LONDON (Reuters) - Britain’s blue-chip equity index hit an all-time high on Tuesday while the mid-cap index outperformed European peers as sterling came under renewed pressure on currency markets, though a fall in commodity-related stocks weighed.
The FTSE 100 .FTSE index closed 0.4 percent lower at 7,070.88 points, having hit a record high of 7,129.83 points earlier in the session.
The mid-cap FTSE 250 .FTMC index closed 0.5 percent higher at 18,073.20 points, near its record intraday high of 18,607.13 points set earlier this month.
Sterling’s plunge on fears of a “hard” Brexit has given a boost to international companies of the FTSE 100 which earn substantial U.S. dollar revenues and get a currency-related accounting lift as those dollars are converted to pounds.
“The concern will be that a reversal in fortunes for the currency could see the gains wiped off as quickly as they appeared,” said Laith Khalaf, senior analyst at Hargeaves Lansdown. “That may well be the case, though it’s hard to see anything in the foreseeable future that’s going to propel the pound back to its former glory,”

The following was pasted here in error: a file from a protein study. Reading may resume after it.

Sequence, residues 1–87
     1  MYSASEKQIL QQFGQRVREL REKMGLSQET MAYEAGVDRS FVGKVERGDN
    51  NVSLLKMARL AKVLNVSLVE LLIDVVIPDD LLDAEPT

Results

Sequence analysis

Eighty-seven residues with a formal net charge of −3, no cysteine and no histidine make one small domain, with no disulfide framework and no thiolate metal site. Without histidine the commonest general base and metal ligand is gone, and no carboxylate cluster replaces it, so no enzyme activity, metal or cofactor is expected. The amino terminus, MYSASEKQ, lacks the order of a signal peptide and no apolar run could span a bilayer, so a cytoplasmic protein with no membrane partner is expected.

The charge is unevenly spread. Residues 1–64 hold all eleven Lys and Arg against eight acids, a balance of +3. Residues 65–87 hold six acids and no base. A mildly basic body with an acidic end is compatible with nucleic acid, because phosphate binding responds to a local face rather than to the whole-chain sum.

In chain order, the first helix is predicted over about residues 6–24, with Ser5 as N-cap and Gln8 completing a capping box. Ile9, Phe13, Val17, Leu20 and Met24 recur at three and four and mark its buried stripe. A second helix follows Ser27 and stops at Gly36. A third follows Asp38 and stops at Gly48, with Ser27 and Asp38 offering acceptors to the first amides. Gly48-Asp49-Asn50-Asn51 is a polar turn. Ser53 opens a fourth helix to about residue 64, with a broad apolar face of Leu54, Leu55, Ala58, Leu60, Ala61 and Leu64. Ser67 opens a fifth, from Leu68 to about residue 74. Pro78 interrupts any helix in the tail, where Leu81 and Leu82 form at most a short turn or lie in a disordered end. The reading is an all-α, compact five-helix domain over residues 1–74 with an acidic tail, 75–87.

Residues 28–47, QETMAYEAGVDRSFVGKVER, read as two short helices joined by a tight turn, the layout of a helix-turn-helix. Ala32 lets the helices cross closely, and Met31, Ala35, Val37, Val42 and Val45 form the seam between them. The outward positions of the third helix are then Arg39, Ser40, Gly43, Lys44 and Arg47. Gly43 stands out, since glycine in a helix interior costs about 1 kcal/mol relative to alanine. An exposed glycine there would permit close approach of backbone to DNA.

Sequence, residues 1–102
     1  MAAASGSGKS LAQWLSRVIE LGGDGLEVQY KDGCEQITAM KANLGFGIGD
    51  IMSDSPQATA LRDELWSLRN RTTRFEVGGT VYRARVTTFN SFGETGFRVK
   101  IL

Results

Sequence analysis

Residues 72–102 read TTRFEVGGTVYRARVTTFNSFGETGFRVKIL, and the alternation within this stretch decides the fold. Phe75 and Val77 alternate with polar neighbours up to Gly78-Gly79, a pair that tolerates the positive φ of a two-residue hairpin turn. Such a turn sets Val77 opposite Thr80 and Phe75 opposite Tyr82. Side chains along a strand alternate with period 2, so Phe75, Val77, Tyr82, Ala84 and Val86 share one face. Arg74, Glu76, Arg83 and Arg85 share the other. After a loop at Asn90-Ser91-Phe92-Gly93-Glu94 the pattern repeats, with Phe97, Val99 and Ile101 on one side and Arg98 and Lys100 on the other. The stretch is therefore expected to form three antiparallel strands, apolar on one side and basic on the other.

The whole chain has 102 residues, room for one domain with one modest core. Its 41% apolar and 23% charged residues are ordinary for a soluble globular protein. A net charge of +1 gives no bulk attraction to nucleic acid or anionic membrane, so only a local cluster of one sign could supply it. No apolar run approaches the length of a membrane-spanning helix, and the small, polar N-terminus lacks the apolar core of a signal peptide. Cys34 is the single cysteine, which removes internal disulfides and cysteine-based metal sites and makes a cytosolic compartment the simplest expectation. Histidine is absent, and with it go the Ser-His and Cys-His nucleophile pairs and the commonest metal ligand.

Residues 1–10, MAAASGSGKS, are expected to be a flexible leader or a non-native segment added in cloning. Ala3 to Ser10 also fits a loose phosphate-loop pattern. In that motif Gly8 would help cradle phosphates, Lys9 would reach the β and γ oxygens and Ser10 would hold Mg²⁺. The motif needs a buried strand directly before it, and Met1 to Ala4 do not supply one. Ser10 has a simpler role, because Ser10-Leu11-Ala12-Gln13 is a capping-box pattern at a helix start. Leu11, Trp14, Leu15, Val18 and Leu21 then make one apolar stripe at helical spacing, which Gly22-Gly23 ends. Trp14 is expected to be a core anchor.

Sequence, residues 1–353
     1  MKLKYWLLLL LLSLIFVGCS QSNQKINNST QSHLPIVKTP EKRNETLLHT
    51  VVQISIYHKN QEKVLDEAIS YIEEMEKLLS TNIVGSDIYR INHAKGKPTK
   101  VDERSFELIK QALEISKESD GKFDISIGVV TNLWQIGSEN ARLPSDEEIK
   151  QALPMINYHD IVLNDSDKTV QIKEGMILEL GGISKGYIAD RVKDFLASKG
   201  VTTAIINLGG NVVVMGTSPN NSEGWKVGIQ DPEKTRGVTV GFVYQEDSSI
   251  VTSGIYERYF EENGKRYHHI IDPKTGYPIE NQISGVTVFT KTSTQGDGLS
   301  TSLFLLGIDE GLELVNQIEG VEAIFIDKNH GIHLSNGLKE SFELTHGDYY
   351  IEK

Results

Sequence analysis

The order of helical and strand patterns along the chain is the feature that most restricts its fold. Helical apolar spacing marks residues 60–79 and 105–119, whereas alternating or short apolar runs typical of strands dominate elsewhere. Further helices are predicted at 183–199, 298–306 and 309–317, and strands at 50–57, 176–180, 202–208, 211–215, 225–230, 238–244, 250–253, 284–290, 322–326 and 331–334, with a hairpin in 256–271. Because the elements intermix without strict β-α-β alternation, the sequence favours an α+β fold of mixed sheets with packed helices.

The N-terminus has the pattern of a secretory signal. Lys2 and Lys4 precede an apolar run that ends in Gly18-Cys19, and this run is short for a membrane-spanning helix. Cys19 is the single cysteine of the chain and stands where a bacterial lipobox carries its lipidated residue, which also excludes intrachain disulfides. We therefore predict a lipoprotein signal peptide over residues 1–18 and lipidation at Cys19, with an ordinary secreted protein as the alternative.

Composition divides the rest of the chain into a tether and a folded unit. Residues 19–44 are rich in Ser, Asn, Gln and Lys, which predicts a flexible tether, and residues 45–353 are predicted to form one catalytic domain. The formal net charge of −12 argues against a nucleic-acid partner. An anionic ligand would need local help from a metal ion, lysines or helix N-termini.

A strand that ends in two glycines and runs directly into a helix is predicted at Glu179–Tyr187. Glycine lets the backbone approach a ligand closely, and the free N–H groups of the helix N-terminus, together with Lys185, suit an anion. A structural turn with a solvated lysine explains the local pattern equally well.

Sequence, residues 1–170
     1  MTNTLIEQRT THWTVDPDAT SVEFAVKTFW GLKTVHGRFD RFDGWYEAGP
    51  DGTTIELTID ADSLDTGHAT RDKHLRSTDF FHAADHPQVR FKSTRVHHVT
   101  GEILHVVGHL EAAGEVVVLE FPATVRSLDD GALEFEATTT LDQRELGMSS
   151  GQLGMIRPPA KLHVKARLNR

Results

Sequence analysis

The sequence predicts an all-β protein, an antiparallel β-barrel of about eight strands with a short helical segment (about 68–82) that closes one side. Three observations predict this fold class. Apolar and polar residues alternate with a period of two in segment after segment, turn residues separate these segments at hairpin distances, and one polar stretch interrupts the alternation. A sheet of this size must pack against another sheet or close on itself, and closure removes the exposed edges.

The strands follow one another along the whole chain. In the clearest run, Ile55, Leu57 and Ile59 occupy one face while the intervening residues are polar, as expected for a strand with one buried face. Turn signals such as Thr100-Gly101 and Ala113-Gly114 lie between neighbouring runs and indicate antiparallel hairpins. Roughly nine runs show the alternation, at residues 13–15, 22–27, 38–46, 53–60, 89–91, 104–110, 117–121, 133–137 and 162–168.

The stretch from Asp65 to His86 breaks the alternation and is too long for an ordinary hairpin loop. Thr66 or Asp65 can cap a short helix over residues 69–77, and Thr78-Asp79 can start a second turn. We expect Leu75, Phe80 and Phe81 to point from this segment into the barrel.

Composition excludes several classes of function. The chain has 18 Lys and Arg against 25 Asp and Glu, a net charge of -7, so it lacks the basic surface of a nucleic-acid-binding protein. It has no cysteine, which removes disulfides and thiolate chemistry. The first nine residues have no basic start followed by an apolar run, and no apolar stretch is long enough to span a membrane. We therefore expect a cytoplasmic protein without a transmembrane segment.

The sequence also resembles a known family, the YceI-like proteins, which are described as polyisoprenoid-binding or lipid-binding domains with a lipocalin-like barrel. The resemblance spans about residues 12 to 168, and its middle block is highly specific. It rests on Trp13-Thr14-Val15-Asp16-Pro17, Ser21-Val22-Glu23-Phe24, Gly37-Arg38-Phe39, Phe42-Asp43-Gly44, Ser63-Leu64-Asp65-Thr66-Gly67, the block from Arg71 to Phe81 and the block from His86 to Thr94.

Stocks exposed to South Africa, including Old Mutual (OML.L) and Mediclinic (MDCM.L) fell after South African finance minister Pravin Gordhan was ordered to appear in court over fraud charges, knocking the rand and weighing on the FTSE 100.
“Against the backdrop of a ‘challenging’ Spring-Summer 2016 for the entire UK apparel and footwear retailing sector, N Brown Group ... has delivered product sales ahead of the market and financial results ahead of expectations,” Shore Capital Markets analyst Darren Shirley said.
The FTSE 250’s companies are more exposed to the domestic UK economy, but that index has partly benefited from recent upbeat data that has led many forecasters to drop predictions that the British economy will slip into recession this year.
Some analysts also expect the drop in the pound to make British mid-cap companies cheaper and more attractive for potential overseas acquirers.
Reporting by Sudip Kar-Gupta; Editing by Catherine Evans